IF MY BOOK: The Predatory Animal Ball, Jennifer Fliss

Welcome to another installment of If My Book, the Monkeybicycle series in which authors compare their recently released books to weird things. This week Jennifer Fliss writes about her debut story collection, The Predatory Animal Ball, out now from Okay Donkey Press.

If The Predatory Animal Ball were a circus act, it would be a flying trapeze act: calluses broken open to reveal bloody palms, glittery iridescent leotards, the smell of roasted peanuts in the air, and the vague sense of probable death – but it would be beautiful and everyone would clap.

If The Predatory Animal Ball were an infomercial, you would receive a free set of steak knives. The shipping and handling would not be $19.95. And the knives would last long enough to be passed on to your children and your grandchildren.

If The Predatory Animal Ball were a musical instrument, it would be a clarinet, the hollow uncertain sounds of echoes, the winds sweeping across the Pale of Settlement.

If The Predatory Animal Ball were a menu item at your favorite chain restaurant. It would be wrapped in a wonton wrapper with hot sauce and something sweet. Maybe dates. Maybe figs. It would be called a popper of sorts. They’d be a best seller. People would attempt copycat recipes online, but none of them would get it exactly right.

If The Predatory Animal Ball were a grocery list, there would be items not on the list. But you wouldn’t know it until you got home. And maybe not even then.

If The Predatory Animal Ball were a McMansion, it would be 4000 square feet with double sinks and granite countertops, six bedrooms and a bonus room, but there would only be one bathroom. There would be a reality TV show following the family that lived there. It would fail before the first season ended, the family would go bankrupt, pack their things and leave the house. The McMansion would sit empty, abandoned for years, weeds would pop up from under the Berber carpet, honeybees would nestle into its walls, and young graffiti artists would break in and paint murals of their dreams.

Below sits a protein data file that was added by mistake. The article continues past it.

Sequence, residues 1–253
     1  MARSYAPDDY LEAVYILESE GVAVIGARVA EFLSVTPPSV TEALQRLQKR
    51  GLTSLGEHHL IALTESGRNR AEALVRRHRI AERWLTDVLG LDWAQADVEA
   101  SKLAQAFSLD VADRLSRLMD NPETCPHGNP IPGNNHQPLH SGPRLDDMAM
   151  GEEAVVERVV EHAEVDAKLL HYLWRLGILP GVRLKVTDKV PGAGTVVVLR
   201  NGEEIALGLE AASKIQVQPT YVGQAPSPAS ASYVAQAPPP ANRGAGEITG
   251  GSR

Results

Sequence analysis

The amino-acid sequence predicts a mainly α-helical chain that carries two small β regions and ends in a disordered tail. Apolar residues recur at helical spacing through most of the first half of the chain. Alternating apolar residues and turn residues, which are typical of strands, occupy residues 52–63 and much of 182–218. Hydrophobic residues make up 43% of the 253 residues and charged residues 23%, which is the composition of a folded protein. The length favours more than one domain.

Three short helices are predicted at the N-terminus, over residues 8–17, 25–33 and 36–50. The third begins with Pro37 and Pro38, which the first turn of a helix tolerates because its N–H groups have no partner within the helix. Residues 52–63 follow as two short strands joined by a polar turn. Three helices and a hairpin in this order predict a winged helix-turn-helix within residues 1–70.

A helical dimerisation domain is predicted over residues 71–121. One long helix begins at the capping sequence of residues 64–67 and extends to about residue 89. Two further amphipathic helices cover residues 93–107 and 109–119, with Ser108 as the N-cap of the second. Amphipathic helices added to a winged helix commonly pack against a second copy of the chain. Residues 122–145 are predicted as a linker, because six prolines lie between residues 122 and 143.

If The Predatory Animal Ball were a poltergeist, a phantom, it would be the memory of hope.

If The Predatory Animal Ball were an amusement park ride, you’d pull the bar down and think you were secure. The carts would tick, tick, tick forward and then lurch before entering the mouth of a great beast, but you’d be going too fast to know exactly what kind of animal and anyway, it’s all the same once you’re in the gullet and swimming in the gruesome muck of devoured things.

But it’s not. The Predatory Animal Ball is none of those. It’s a ball. And you can decide if it’s a ball like you’re having a blast, a ball like the kind you get all gussied up for and play pretend, or a ball like the kind you hold in your hand, spin it, bounce it, or throw it as hard as you can leaving only a broken window in its absence. The warm spring breeze will spiral through your rooms and leave you momentarily winded.

Jennifer Fliss (she/her) is a Seattle-based writer with over 200 stories and essays that have appeared in F®iction, PANK, Hobart, The Rumpus, The Washington Post, and elsewhere. She was a Pen Parentis Fellow and recipient of a Grant for Artist Project award from Artist’s Trust. She has been nominated four times for The Pushcart Prize and her story “Hineni” was selected for inclusion in the Best Small Fictions 2019 anthology. She is an alumna of the Tin House Summer and Winter Writers’ Workshops and can be found on Twitter at @writesforlife or via her website, www.jenniferflisscreative.com.

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